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Press Release  
Release Date: Friday, May 24, 2013 4:00 PM
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Rachel Mann
Communications Specialist
Howard's Chapter of Phi Beta Kappa Receives Outstanding Chapter Award

WASHIGNTON (September 10, 2012) – Recently, the Gamma Chapter of the District of Columbia at Howard was awarded the Outstanding Chapter Award at the 43rd Phi Beta Kappa (PBK) Triennial Council. Howard's chapter was recognized for its signature achievements and continuous efforts to acknowledge and promote excellence in the liberal arts and sciences.

Among its many efforts, the Chapter created a Liberal Arts Education Roundtable series; co-sponsored a 3-day symposium honoring the late John Hope Franklin (a former Phi Beta Kappa President); sponsored a Journey Back in Time guided tour of the Sandy Spring Slave Museum and African Art Gallery for the South Atlantic District members. The Chapter annually presents the James A. Bayton award to the PBK graduating senior with the highest GPA and the Alain Locke Certificate of Recognition to sophomores who achieved a 4.0 GPA as freshmen. The Chapter also established a Faculty Service Award in honor of Physics professor, Anna Coble, Ph.D., who served as Chapter Secretary for several decades.

Established in 1953, the Gamma Chapter of the District of Columbia is one of the 280 chapters in PBK. The chapter maintains an average 94% acceptance rate.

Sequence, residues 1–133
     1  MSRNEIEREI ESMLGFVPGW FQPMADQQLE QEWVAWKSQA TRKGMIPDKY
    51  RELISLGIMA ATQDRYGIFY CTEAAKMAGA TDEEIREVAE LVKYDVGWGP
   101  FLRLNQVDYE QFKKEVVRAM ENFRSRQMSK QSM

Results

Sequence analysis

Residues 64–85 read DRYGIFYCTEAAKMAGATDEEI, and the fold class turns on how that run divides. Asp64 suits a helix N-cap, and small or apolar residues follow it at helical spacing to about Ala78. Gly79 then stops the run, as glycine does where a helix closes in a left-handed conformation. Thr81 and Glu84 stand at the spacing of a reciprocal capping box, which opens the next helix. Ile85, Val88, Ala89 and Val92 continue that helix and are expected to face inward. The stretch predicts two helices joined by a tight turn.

The Phi Beta Kappa Society was founded on December 2, 1776 and is the oldest honor society for the liberal arts in the country. PBK is dedicated to acknowledging the best students in liberal art and science fields.

About the Phi Beta Kappa Society
Founded in 1776, Phi Beta Kappa is the nation's oldest academic honor society. It has chapters at 280 institutions and more than half a million members throughout the country. Its mission is to champion education in the liberal arts and sciences, to recognize academic excellence, and to foster freedom of thought and expression. Among its programs are academic and literary awards, lectureships, a fellowship, a professorship and publication of The American Scholar, an award-winning quarterly magazine.


Founded in 1867, Howard University is a private, research university that is comprised of 13 schools and colleges. Students pursue studies in more than 120 areas leading to undergraduate, graduate and professional degrees. Since 1998, the University has produced two Rhodes Scholars, two Truman Scholars, a Marshall Scholar, 30 Fulbright Scholars and 11 Pickering Fellows. Howard also produces more on campus African-American Ph.D. recipients than any other university in the United States. For more information on Howard University, call 202-238-2330, or visit the University's Web site at

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